FIGS. 4A and 4B are side elevation views of a typical prior art cutting tool, where FIG. 4A shows an insert without distortion and FIG. 4B shows an insert with braze induced distortion and are discussed in the background section above.

FIG. 6 is a typical prior art end view of a router bit or endmill type rotary cutting tool and is discussed in detail below.

2. Rake Face and Cutting Edge Bow

FIG. 13, together with FIG. 4A through FIG. 7, provides a roadmap to a method of this invention. In order to form an insert and a finished cutting tool that does not suffer from cutting edge distortion or concentricity, runout, or taper deficiencies due to braze-induced warp, a manufacturer may employ method 1300. At block 1302, the manufacturer may determine the amount of warp experienced or expected at the cutting edge of a tool post-brazing, as per the description associated with FIGS. 4A and 4B, and also as described below with respect to expected warp. At block 1304, the manufacturer may calculate the amount and profile of the bow required to counteract the cutting edge warp, as per the description associated with FIGS. 5A, 5B, 6, and 7. As used here, and also throughout this description, “amount of bow” and “profile of the bow” should be considered interchangeable, as the former may be used to refer to a rake face profile that exhibits a smooth curve, as in FIG. 5B, and the latter may be used for a more complex shaped face insert, where the compensating bow dimensions do not exhibit a smooth curved. At block 1306, the manufacturer may form the insert using EDM or other techniques described herein, taking into account the amount and profile of the bow calculated in block 1304. If the manufacturer is making a finished cutting tool, then at block 1308, the manufacturer may braze the insert into a cutting tool body and forego any finishing operations directed to the cutting edge diameter, profile, concentricity, taper, and/or runout.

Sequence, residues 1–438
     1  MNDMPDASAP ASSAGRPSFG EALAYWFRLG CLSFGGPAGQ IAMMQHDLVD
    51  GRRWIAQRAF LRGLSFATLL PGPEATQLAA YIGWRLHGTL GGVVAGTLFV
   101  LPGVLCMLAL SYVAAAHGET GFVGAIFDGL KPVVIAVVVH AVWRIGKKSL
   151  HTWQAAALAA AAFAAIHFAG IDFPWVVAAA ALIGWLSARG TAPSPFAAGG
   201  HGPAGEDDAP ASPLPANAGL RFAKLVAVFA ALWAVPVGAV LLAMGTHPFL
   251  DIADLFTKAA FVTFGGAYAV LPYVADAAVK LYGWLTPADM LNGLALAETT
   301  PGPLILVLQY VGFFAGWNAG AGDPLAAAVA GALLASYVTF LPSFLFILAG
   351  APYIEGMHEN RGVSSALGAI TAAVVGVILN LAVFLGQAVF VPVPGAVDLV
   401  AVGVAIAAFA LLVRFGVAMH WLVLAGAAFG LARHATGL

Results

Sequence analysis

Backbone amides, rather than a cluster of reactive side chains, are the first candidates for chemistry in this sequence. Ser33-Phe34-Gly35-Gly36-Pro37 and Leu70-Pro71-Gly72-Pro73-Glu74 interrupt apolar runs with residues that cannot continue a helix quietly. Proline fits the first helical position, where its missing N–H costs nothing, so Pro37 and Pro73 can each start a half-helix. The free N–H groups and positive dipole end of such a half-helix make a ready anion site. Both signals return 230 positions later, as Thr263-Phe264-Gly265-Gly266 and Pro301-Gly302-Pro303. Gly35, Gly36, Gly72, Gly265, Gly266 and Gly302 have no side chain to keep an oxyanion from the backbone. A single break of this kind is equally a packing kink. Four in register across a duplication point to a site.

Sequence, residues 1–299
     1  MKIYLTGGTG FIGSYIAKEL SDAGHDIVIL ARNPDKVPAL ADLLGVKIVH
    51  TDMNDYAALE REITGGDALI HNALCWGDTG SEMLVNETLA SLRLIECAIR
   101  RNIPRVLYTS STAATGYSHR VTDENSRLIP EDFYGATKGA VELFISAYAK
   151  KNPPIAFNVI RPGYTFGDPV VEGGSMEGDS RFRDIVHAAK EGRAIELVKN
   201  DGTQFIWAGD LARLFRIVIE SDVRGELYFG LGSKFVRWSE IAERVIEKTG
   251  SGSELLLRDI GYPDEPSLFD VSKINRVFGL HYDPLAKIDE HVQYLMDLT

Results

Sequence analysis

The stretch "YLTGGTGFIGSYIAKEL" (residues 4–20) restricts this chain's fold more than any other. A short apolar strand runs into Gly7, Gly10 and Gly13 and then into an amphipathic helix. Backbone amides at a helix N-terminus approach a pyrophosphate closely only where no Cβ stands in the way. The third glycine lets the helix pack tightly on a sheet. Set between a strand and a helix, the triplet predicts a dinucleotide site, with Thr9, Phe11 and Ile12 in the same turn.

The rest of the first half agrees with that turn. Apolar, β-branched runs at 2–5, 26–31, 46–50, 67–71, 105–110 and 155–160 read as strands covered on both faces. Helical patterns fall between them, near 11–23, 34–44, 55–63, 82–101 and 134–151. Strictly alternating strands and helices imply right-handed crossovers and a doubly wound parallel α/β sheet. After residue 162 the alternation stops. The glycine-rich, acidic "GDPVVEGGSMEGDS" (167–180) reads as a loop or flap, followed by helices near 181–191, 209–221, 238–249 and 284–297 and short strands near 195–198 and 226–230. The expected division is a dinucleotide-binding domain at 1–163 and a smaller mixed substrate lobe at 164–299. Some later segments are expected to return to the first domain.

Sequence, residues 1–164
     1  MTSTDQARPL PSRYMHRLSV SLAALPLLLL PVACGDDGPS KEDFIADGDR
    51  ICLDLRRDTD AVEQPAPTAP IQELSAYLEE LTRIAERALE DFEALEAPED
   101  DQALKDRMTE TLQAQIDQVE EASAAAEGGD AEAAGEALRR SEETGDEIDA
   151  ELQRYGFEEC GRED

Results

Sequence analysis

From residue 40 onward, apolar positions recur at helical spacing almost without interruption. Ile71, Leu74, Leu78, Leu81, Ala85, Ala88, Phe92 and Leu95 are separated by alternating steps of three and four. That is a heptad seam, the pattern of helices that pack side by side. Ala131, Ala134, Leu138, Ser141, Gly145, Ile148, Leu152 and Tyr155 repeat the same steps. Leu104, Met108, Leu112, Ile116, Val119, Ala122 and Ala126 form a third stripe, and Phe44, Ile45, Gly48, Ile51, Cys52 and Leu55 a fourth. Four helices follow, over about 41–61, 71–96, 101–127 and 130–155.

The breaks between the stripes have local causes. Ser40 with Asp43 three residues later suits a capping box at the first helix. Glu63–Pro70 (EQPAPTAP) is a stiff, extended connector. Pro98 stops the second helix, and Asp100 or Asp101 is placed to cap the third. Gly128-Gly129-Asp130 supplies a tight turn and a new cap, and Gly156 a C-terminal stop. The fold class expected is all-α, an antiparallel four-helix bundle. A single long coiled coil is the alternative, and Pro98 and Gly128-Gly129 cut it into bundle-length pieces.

FIGS. 5A and 5B are perspective and top views, respectively, of an exemplary insert 500 formed with a convex bow, in accordance with one embodiment of this invention. The insert 500 may be cut from the disk 100 such that the rake face 503 and the cutting edge 501 are cut with a slight convex curve or bow, shown here significantly exaggerated. The bow of the rake face 503 and the cutting edge 501 serves to counteract the distortion effects that result when the insert 500 is brazed to a cutting tool, as further described with reference to FIGS. 7 and 8. For the exemplary insert shown in FIGS. 5A and 5B, the amount of bow is shown as dimension 504.